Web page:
Thu, Jun 14, 2007 - Page 13 News List

Celebrities steal the show and the customers

A decade ago the fashion industry welcomed Hollywood stars into their business with open arms, but now, many young designers feel they are being squeezed

By Eric Wilson  /  NY TIMES NEWS SERVICE , NEW YORK

On Monday night, the 33-year-old designer Phillip Lim, who worked quietly behind the scenes in other designers’ studios for a decade before putting his name on a label that is now sold at Neiman Marcus, won the fashion industry’s highest award for emerging talent. Yet his obvious pleasure at being recognized by the Council of Fashion Designers of America at its annual ceremony must have been tempered by the fact that he was handed his statuette by two women who also call themselves young designers — Mary-Kate and Ashley Olsen.

The ubiquitous celebrity twins, who turn 21 next week, had been invited by the fashion industry to present awards for rising stars at the New York Public Library. This fall, the Olsens are introducing a collection that will compete with Lim’s, and they would not mind someday being nominated for the award he won.

“You think, ‘Wow, how unfair,’” Lim said last week before the awards, after reading an article in Women’s Wear Daily about the Olsens’ plans to expand their marketing, fashion and lip-gloss empire — estimated by Forbes in 2003 to have sales of US$1.4 billion — into the contemporary clothing market, the industry’s catch-all term for trendy sportswear lines like Vince and Theory, as well as that of Lim.

While sewing his own tuxedo for the awards ceremony in his garment district loft, Lim described a growing frustration among his peers as they face an onslaught of competing labels from celebrities. The Olsen twins, whose earlier merchandise was aimed at tweens and sold in mass stores like Wal-Mart, have grown up and moved on to try the adult market. They have a high-end designer line called the Row, which is sold at Barneys New York. On Monday night, they wore their new label, Elizabeth and James (named for their unfamous siblings), whereas not long ago they might have worn the designs of someone like Lim.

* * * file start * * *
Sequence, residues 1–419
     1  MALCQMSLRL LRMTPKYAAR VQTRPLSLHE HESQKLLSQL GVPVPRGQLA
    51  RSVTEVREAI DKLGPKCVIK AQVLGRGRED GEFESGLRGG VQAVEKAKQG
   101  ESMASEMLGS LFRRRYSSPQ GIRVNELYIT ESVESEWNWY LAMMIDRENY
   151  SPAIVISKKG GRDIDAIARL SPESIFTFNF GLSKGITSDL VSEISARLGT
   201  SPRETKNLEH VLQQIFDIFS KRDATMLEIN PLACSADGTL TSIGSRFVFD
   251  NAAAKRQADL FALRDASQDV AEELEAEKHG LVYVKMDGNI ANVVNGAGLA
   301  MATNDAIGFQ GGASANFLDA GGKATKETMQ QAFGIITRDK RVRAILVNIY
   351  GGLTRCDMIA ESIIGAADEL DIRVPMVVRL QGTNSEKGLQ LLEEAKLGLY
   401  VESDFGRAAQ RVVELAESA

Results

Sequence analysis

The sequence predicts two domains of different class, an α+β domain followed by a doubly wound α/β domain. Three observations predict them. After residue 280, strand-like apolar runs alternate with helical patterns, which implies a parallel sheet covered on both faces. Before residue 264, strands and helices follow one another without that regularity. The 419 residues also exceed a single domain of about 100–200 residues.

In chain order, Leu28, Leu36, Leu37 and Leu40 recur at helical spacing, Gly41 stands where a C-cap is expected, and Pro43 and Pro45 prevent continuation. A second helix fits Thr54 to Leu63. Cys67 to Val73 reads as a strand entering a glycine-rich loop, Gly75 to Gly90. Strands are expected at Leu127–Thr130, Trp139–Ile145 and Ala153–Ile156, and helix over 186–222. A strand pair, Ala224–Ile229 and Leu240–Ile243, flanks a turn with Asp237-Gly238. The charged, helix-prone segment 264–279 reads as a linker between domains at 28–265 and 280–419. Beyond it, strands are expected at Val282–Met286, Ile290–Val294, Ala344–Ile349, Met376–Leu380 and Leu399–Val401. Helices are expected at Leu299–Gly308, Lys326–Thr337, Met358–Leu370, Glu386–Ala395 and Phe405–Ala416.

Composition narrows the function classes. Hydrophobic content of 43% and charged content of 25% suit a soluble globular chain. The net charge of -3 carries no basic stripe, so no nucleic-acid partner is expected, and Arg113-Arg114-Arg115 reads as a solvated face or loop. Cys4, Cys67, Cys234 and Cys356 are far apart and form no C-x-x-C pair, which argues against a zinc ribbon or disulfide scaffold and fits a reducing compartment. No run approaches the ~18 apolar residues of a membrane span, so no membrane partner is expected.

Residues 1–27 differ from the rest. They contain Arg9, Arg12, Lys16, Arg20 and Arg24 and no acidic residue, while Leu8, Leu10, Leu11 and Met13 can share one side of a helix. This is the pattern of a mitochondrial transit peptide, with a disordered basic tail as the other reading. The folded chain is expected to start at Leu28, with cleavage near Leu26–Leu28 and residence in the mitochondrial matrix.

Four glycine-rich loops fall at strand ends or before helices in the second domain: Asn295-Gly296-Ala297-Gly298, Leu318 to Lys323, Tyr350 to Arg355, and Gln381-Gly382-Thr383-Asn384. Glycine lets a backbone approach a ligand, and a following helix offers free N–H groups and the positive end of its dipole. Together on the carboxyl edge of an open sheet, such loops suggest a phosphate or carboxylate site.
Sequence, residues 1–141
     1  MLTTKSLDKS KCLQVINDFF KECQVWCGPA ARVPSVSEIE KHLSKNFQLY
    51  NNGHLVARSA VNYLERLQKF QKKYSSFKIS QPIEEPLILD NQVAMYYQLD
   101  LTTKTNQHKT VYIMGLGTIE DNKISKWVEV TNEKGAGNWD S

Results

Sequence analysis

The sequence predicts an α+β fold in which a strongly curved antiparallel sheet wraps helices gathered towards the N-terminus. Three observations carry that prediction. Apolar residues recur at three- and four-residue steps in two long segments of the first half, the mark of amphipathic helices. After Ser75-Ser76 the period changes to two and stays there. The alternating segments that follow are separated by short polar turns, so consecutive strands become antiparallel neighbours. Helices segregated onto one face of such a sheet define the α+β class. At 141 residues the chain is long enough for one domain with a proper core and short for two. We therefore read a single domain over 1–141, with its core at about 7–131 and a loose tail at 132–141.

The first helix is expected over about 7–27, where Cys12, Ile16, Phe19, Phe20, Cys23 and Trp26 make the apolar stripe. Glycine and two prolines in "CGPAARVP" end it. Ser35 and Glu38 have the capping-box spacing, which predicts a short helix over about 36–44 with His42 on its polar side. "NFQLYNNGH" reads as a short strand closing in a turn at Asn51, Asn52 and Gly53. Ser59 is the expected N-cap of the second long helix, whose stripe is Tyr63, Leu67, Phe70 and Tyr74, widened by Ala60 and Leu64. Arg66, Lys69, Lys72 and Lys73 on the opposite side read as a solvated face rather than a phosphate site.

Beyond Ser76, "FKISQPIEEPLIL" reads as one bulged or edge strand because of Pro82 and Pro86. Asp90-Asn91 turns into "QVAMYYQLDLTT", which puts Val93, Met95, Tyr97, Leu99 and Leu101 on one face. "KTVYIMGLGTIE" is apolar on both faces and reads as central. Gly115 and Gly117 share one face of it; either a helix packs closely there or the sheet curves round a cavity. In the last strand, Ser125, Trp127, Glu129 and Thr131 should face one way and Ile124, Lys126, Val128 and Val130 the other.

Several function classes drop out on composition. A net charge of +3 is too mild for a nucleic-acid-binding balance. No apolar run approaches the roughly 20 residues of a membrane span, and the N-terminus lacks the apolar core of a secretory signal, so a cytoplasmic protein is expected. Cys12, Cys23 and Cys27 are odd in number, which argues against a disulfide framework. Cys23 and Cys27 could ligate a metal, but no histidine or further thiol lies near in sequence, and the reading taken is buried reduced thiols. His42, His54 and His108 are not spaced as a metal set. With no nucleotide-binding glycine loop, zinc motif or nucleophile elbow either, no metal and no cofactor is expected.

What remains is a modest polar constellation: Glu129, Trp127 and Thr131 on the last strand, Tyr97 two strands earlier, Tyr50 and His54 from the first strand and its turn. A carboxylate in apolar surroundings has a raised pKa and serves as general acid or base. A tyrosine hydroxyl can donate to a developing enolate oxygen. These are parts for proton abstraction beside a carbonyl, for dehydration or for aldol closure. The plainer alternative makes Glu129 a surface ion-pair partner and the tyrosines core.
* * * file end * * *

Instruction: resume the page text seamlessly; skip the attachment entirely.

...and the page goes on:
There is a great paradox here. For decades fashion has courted celebrities. It encouraged pop stars who moonlighted as designers, like Sean Combs, Jennifer Lopez and Gwen Stefani, to stage runway shows for flashy jeans and confectionery hot-pants ensembles. Combs, partly for his oversize personality and courtship of key players like Anna Wintour and Tom Ford, was nominated for awards for years and won for best men’s wear in 2004. It seemed harmless fun.

But now a number of designers are not so sure. Lim, who expects his collection to reach US$30 million in sales this year and plans to open a store in SoHo next month, said the chances of a young designer surviving in the business today are “slim to none.” By contrast, celebrity lines like those of Combs and Lopez typically break the US$100 million mark in sales in their first or second year, thanks to the power of a star name hitched to a huge marketing campaign. And they almost always begin with a lucrative fragrance deal, whereas it takes years for traditional designers to get the attention of companies like Estee Lauder or Coty.

“Celebrities have made it harder for real designers,” said Vera Wang, who won the top fashion council award for women’s design in 2005 and has designed for more than three decades.

“It’s a big open field out there now, like the Wild, Wild West,” Wang said. “You could be competing against a television or movie star for a fragrance deal, and that’s an added pressure for designers. We’re working really hard to keep our heads above water, and does the public differentiate, or care? Those are big questions. The most obvious impact is in fragrance, but certainly in apparel we’re feeling it now as well.”

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